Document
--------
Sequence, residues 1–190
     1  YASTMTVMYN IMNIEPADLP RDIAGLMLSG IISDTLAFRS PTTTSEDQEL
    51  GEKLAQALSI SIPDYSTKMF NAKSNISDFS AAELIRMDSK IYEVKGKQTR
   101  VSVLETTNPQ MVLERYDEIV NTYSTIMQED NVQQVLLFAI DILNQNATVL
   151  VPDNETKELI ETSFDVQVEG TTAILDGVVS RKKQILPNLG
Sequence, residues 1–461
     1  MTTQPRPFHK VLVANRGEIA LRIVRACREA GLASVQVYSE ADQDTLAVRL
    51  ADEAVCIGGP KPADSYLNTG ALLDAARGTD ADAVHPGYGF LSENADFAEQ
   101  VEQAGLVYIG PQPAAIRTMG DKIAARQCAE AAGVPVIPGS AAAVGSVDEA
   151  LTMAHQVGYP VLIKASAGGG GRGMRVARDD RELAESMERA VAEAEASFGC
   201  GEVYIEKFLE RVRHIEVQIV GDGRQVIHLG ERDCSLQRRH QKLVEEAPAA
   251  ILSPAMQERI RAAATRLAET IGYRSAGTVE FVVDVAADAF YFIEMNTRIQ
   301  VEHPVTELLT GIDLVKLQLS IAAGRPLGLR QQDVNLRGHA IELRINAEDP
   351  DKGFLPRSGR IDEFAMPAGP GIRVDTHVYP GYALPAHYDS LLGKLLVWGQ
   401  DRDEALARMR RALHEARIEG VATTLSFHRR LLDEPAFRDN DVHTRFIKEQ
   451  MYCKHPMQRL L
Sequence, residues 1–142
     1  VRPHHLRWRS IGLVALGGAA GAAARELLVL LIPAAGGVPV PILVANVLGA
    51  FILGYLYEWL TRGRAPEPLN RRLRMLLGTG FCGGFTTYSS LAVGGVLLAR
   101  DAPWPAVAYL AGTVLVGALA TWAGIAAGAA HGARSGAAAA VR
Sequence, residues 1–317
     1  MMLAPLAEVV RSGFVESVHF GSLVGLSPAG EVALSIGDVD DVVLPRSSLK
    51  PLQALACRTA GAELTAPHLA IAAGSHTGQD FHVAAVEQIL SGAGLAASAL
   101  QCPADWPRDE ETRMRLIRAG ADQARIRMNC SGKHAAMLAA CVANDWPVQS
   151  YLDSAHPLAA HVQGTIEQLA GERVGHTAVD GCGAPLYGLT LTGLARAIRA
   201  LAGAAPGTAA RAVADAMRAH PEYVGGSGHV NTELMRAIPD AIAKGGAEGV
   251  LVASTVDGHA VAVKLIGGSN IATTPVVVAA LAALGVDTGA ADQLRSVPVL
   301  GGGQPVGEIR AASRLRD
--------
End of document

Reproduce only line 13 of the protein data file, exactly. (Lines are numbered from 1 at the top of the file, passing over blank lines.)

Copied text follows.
   301  VEHPVTELLT GIDLVKLQLS IAAGRPLGLR QQDVNLRGHA IELRINAEDP